So now I'm going to be distracted and say silly things. Nevertheless. I'll give it a try.

While we can give such people kudos for not buying into the idea that some god zapped everything into beingActually, I disagree. If someone buys into the idea of evolution merely because they've decided to defer to the authority of scientists instead of clergymembers, then they're still equally guilty of arriving at a conclusion about the world by a logical fallacy. It doesn't matter that the conclusion itself is one for which there is much empirical evidence. Their reasoning is still an example of uncritical thinking.

(I am now reminded of why Ayn Rand wasn't really an atheist . . . but that's a discussion for a another day . . .)

In 2004, I went to dinner with a mathematician and an engineer, and we wound up having a discussion about evolution. I discovered three things:

1) They both defined "evolution" as a teleological phenomenon.
2) They both defined "evolution" as "survival of the fittest".
3) They both assumed that they couldn't be wrong because they were "scientists" and therefore too smart to have "misunderstood" a scientific theory.

'Course, I was also guilty of 1 and 2. I probably would have remained so for awhile longer, had I not been so secretly cheesed by Assumption 3. Shortly after this interaction, I developed a pressing urge to learn how biologists actually defined evolution-- I wanted to know how evolution really worked. I understood (however shamefully and self-doubtingly) that understanding evolution had little to do with "smartness" as you'd arbitrarily defined it and whether or not you'd been an English major or a math major a billion years ago. Either you'd studied enough biology to understand, or you hadn't.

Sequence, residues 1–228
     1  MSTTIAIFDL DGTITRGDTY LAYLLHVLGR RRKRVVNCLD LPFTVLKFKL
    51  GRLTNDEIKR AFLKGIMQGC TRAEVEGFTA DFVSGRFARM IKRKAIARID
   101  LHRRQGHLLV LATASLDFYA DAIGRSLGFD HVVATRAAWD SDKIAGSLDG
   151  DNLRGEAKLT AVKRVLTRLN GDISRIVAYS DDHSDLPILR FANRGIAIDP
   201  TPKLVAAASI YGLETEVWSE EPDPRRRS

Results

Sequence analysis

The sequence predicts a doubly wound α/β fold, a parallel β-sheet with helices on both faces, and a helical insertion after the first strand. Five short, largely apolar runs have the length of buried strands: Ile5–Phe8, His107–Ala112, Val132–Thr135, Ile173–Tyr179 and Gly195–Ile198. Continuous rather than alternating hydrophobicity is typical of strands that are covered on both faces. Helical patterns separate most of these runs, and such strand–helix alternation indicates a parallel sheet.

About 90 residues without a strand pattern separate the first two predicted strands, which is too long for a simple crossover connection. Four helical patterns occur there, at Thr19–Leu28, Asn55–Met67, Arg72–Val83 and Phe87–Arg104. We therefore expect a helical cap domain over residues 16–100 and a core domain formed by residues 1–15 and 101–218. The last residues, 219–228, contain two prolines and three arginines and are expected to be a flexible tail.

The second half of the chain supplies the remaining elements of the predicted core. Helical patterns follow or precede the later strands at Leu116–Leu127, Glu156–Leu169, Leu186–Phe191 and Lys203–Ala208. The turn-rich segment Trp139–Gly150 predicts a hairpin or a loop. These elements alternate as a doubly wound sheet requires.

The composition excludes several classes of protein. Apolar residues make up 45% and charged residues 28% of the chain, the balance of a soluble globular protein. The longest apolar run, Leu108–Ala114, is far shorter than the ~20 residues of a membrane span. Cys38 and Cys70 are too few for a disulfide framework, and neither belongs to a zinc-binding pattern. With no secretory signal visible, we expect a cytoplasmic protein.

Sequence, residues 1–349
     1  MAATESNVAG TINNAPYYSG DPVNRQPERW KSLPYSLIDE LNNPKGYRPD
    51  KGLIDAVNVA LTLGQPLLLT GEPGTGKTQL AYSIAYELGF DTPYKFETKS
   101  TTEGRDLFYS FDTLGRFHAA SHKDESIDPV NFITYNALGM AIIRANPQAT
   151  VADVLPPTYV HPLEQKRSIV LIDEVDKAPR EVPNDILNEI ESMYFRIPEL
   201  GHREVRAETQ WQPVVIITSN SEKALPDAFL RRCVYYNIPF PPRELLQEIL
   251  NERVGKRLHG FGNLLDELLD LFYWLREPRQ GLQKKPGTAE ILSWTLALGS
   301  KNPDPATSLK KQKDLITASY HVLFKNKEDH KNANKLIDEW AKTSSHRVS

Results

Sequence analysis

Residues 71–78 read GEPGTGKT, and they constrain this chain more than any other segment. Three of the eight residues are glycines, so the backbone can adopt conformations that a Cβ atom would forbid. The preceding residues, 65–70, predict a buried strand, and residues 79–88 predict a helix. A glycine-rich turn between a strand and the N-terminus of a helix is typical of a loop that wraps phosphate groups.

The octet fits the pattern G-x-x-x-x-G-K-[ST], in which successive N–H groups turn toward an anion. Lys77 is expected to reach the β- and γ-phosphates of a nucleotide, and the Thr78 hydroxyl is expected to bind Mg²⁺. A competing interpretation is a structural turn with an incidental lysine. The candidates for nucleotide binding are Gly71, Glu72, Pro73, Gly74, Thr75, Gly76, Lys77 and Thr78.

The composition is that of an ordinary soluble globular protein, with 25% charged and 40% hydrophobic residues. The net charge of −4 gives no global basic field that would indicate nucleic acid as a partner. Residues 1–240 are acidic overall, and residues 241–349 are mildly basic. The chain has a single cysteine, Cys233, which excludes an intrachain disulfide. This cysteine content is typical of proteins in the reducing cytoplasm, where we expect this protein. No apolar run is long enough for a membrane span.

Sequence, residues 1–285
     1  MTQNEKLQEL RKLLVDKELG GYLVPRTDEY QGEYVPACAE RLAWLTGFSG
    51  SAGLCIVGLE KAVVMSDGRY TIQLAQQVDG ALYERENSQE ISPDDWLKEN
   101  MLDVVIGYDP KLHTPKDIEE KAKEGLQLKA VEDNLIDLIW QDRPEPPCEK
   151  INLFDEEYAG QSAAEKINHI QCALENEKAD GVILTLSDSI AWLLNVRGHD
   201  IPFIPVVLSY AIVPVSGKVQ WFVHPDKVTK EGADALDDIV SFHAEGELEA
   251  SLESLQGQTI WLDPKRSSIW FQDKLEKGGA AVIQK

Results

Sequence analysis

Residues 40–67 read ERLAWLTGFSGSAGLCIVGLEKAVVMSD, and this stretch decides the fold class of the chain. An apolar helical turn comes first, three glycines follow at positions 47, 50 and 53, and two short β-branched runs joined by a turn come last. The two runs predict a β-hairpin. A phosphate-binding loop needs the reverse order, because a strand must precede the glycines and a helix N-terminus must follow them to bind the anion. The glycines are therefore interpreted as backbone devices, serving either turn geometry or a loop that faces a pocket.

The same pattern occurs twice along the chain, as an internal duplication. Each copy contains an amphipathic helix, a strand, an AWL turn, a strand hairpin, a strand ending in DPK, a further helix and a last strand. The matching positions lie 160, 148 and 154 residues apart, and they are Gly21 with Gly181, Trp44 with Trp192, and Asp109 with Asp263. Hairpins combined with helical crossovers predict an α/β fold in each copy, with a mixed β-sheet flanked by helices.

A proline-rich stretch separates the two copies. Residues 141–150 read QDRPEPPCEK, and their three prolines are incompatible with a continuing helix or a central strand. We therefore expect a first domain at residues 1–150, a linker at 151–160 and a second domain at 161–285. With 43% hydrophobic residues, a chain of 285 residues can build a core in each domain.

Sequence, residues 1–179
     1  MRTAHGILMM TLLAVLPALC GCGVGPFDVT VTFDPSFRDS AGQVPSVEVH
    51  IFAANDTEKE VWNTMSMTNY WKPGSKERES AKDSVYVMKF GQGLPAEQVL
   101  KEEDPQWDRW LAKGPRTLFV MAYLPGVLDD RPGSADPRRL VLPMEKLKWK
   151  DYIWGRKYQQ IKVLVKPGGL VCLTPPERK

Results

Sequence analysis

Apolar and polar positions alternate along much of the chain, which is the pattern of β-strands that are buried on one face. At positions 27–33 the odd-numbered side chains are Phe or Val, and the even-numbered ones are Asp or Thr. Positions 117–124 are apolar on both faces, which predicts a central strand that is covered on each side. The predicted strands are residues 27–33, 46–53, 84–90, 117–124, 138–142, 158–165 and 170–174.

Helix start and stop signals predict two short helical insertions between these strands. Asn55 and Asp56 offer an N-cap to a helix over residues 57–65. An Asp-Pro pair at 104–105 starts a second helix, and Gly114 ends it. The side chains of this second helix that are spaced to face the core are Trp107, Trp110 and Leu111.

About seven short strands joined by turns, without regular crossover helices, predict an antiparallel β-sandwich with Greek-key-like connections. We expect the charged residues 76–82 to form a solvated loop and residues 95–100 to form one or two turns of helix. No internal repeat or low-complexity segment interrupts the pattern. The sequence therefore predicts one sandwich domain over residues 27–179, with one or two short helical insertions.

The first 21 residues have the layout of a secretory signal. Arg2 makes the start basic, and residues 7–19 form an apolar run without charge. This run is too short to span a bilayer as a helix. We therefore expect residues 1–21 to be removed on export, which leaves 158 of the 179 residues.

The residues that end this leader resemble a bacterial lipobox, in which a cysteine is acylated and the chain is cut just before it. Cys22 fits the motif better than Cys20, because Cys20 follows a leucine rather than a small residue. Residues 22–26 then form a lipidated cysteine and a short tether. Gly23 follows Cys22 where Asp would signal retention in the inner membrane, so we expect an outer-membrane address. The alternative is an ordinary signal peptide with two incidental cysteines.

(We could've used the Phylogenetic Bush of Evolution with regard to Assumption 1. That's where the argument got heated. I don't remember even seeing phylogenetic tree models of species evolution until 2005. You just don't learn to conceive of evolution that way in high school, and it's a damn shame.)

It is interesting to think of judging the rationality of someone's given assumptions about the world from their point of view. If I do that, I can accept the idea of "arationality". It's also interesting to think of rationality as a function of someone's native curiosity-- "if someone accepts a conclusion about the world because everyone around them has made the same conclusion, and if it never occurs to them to try to verify the claim, then we can say that they are thinking neither irrationally nor rationally". Maybe that's even useful.

At the very least, it may keep my temper a little more in check. I am getting too old to combat nutty creationist claims exclusively by furiously railing against them.

DuWayne, I am heartily glad you've bestowed a month instead of sainthood on me, since, as another atheist, I cannot magically intercede on your behalf in the case of your shameless petition for more books. Besides, I'm not a very nice person. Haven't you figured that out yet? ;)

Who wants to eat a stark white penis with rainbow sprinkles?! This is why I think Cake Wrecks is such a hilarious blog-- featuring people in an endless quest to concoct edible representations of vaginas and bathwater and yellowing toenails and dog dung and all sorts of other things I never want to bite into.

P.S. Hi, Abby! It's nice to "meet" you to. I'd seen you before on Ed's blog, though, on which I often lurk.

I hope you don't think I've been ignoring you. I just haven't been blogging. At all. Ask DuWayne. :)

Juniper Shoemaker said...

Damn it. I'd only seen Comments 1-5, and now I've just been repetitious.